Sometimes it seems Thanksgiving should be renamed Thankstaking for all the time it takes to put the whole thing together. Don't get me wrong: I love cooking (and eating) with friends and family, but the stress associated with holiday hosting is real. So when offered to let me test out the new Thanksgiving Box, I decided to do Friendsgiving a month early—and skip the mess of menu planning and grocery shopping.
The delivery service offers two meal options, both with enough pre-portioned ingredients to feed eight to 10 guests: a sides and dessert box for $99 (or $8.90/serving) or the Thanksgiving box for $159 (or $14.90/serving). You can pre-order through November 8 for delivery November 12-18.
What You Get
My order arrived in two large, well-insulated boxes (yes, even the turkey!) with a detailed recipe packet that told me exactly when to start each step, plus easy-to-fold name cards (a sweet surprise), and—of course—ingredients for the following:
- Roasted Turkey Rubbed with Garlic and Herb Butter
- Garlic Mashed Potatoes with Crispy Fried Sage
- Ciabatta Stuffing with Chicken Sausage and Cranberries
- Green Beans and Caramelized Shallots
- Cranberry Sauce with Orange, Ginger, and Cinnamon
- Classic Gravy with Garlic and Herbs
- Apple Ginger Crisp with Cinnamon-Pecan Crumble
Everything Else You'll Need
Most meal kits don't include basics like cooking oil and salt and pepper—it's safe to assume most people already have those on hand. However, I was surprised butter was not included in the box, considering the recipes required so much of it (a full pound). Thankfully, this good Midwestern girl keeps plenty in stock, but if you don't usually buy butter, you'll need to make a run to the store. Here's a list of the required ingredients that don't come in the box:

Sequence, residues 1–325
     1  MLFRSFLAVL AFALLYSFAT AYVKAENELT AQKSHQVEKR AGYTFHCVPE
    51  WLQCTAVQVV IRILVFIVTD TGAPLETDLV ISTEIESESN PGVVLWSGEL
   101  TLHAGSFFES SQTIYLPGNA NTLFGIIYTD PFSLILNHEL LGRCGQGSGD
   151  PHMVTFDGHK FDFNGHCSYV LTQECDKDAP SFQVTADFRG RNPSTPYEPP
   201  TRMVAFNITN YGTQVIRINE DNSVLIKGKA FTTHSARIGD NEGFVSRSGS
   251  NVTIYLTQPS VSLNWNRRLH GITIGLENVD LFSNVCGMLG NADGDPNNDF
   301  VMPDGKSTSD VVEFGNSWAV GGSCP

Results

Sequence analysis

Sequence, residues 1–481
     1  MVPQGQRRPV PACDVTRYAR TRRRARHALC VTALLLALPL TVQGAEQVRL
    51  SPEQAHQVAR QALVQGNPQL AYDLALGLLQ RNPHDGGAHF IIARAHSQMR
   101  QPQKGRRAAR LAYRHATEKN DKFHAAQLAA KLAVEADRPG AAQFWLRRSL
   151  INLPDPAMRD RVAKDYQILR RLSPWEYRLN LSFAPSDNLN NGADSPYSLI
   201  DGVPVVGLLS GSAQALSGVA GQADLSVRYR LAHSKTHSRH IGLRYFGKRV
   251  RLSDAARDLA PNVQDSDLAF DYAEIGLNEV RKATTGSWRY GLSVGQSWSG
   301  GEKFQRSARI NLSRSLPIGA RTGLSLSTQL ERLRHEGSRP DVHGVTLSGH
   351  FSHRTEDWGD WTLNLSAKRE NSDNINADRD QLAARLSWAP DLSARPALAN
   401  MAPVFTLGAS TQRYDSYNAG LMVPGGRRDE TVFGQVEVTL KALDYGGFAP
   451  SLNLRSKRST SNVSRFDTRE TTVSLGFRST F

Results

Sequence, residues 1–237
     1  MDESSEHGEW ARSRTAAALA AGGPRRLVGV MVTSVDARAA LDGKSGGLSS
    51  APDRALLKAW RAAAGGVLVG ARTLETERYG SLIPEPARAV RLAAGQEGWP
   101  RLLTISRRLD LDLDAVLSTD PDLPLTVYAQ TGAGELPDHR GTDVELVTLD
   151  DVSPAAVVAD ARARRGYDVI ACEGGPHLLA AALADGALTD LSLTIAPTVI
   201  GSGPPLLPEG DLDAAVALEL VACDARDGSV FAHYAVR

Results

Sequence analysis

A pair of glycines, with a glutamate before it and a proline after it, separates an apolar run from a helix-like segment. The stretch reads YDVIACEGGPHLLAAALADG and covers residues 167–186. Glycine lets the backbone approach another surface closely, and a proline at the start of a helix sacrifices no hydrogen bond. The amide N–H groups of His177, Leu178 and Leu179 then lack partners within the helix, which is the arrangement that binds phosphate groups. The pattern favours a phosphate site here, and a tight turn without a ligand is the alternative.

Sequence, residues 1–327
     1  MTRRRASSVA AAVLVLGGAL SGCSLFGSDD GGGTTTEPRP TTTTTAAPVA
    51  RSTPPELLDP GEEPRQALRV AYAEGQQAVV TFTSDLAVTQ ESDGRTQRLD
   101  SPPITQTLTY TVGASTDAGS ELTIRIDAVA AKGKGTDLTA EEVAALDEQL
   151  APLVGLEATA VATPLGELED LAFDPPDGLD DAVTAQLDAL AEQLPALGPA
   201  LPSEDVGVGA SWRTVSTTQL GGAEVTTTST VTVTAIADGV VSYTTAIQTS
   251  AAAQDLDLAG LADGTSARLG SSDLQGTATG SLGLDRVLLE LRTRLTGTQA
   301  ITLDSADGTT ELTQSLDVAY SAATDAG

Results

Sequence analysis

- 1.5 cups sugar
- 1 pound butter
- Cooking oil
- Non-stick cooking spray
- (not actually on their list, but on mine)
The recipes. Everything was easy to follow, and the resulting dishes all got rave reviews from my friends, who were happy to serve as taste-testers, no matter how odd it was to be eating Thanksgiving dinner on a hot October day.
The convenience. Those living in food deserts (or in my case, those without cars) will be extra thankful for food that arrives at the door—no special trip to a nearby town (or long walk weighted down with grocery bags) necessary.
The time. Since everything was pre-portioned, I was able to enjoy the process (and sneak away for time with guests) a little more than I normally would.
The quality. The produce and herbs were all beautiful, and the turkey was Honeysuckle White—a brand that works with independent family famers and doesn't use growth-promoting antibiotics.
The price (for some). Last year, the estimated the average Thanksgiving dinner costs just $49.12. However, that number is based on a seriously basic table that probably looks (and tastes) nothing like the spread we scarfed down. To me, the price seemed pretty reasonable, especially for the convenience, though that may depend on where you live.
The structure. The timeline helped me stay on schedule and have everything ready right on time, but as a creative person, I have to say that I missed selecting the dishes (new recipes and old family favorites) myself. Though time-consuming, it's all part of the fun for me.
No pie(!). Sadly, this Thanksgiving box did not come with any ingredients for pumpkin or apple pie. Instead, it included apple crisp. The crumbly dessert was delicious, but to me, pie on Thanksgiving is non-negotiable.
Overall, cooking Thanksgiving dinner from a box was a great experience, and one I'd gladly repeat (though I'll be adding a pie to the final spread). How's that for a new Thanksgiving tradition?